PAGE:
Our New Normal

Flashback to 8 1/2 years ago:

 I was settling in for work, after another difficult morning of trying to get my then 16-year-old daughter out of bed for school when I received a call from the police department saying that my daughter was hit by a car while walking across the street to school and they were going to patch me through to the ambulance to talk to her. As soon as I hung up the phone, I stood up heard myself make a strange sound, heard the sound of glass breaking in my mind and then I experienced a very vivid and intense flashback (although I didn’t know what it was at the time) of a girl sitting in an airport, alone broken and bruised. And then just like that, the flashback went away, I was whisked away to the hospital by a co-worker to get to my daughter and I spent the next year tending to her health needs. 

The year following Aria’s accident I was busy with tending to her health, taking her to appointments, trying to work full time, and keep our household running as normal as possible. And at the same time, I kept having these experiences that were making me feel crazy. I had worked so hard to keep my life, my family and their world so protected that the instant that Aria got hit, my controlled snow globe world came crashing down…In fact, when my son and I were talking the day of the accident, he looked at me and innocently said, “things will never be the same again.”  Extremely prophetic words, that at the time neither myself nor my family had any idea what they meant.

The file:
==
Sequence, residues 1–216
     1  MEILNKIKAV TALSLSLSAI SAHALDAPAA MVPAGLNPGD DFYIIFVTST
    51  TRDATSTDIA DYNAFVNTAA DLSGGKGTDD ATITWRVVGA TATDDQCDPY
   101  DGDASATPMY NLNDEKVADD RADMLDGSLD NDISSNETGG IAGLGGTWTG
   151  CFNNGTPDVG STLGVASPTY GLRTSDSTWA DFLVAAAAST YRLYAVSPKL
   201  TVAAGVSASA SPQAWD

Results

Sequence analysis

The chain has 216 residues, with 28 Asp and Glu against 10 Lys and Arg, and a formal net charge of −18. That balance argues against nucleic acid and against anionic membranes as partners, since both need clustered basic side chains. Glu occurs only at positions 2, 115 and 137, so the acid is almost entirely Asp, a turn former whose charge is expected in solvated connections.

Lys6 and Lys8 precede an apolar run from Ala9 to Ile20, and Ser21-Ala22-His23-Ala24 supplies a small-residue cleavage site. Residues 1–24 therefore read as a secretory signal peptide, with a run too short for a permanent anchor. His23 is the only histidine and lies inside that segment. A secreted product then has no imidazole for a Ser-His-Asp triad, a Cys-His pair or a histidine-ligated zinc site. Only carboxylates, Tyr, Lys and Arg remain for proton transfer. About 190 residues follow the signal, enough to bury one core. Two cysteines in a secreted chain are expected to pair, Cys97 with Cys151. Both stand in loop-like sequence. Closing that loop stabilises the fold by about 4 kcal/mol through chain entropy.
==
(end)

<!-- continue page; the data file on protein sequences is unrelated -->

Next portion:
During the course of the year, I began to become more anxious, I started losing time, I was having these weird memories that kept exploding from my mind that I would immediately smash back down; I was becoming unglued  I knew something was seriously wrong with me…or that I was going crazy so I made a call to a psychologist who agreed to see me the next day.